For most of my 250+ blog posts on my Less Beaten Paths Blog, I have discussed the back roads of America and Canada.
But for today’s post in the A-to-Z challenge, I want to note some of my other travels outside of the country. I would like to say I’m a world traveler, but I have yet to visit Europe or Australia or New Zealand or South America. But, I have been very fortunate to have lived in Japan for a number of years. From 1987 to 1991, my family also lives there with me. I have also spent a number of weeks working in the Philippines and spend some time working in China near Shanghai and Suzhou. Finally, I should note that I have also visited the mainland of Mexico during a cruise and was able to see the ruins at Tulum.
My first venture overseas was to Japan in 1976 as a missionary for the LDS church. I served in what was then called the Nagoya mission and worked in cities throughout Central Japan including, in order, Kanazawa, Nagoya, Fukui, Takaoka, Ogaki and finally, Fuji City. It was an amazing 22 month experience for me as a young 19 to 21-year-old.
Though most of my time was spent doing missionary work, I did have occasion to travel and visit parts of Japan back then. I also was very lucky to live at the base of the beautiful Mount Fuji, one of the most well known symbols of Japan. Many of the following photos were scanned from old Fujichrome slides taken between 1976 and 1978.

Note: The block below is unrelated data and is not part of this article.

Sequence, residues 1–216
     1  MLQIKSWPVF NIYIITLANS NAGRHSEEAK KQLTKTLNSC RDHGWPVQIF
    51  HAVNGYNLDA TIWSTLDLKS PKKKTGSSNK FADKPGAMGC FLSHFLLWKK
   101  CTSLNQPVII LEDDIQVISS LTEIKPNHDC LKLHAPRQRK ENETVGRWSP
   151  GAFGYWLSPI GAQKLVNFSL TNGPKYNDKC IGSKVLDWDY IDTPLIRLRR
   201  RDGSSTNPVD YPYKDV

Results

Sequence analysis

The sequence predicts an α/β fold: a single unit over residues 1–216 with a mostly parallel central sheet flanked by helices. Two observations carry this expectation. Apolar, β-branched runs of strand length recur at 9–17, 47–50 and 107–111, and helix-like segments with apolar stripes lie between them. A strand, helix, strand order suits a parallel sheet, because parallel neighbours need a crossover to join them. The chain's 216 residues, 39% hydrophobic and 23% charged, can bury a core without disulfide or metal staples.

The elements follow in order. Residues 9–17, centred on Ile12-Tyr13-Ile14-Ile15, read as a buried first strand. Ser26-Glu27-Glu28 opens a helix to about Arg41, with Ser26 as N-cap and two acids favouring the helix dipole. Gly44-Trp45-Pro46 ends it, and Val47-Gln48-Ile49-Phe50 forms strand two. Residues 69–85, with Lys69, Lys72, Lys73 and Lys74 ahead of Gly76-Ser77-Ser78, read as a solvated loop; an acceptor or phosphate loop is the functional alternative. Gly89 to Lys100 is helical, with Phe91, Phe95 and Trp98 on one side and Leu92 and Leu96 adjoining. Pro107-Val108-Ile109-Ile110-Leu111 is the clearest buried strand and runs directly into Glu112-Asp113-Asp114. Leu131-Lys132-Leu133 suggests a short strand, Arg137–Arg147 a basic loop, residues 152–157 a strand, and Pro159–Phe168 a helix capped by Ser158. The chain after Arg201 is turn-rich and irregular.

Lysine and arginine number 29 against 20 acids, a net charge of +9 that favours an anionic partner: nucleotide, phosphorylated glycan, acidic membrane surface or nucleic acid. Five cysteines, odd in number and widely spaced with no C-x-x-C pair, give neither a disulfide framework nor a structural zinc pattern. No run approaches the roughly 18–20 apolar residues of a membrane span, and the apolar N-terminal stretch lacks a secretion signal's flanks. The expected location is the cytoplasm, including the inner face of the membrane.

After my return to the states, I went to school, got married, had children and eventually graduated from Arizona State University with a Masters Degree in International Political Science. At that time, in 1987, Japan’s Interior Ministry and the Ministry of Education had started a brand-new program called The Japan Exchange and Teaching Program (JET Program). After consulting with my sweet wife, I decided to apply for that in hopes that maybe we could go to Japan as a family and experience that country together.
Since we were in the Los Angeles district for registration, I really worried that I would not qualify despite my language skills. But I did and was one of the first 38 individuals selected to participate in the program as a Coordinator for International Relations (CIR). There were about 400 others selected as assistant English teachers.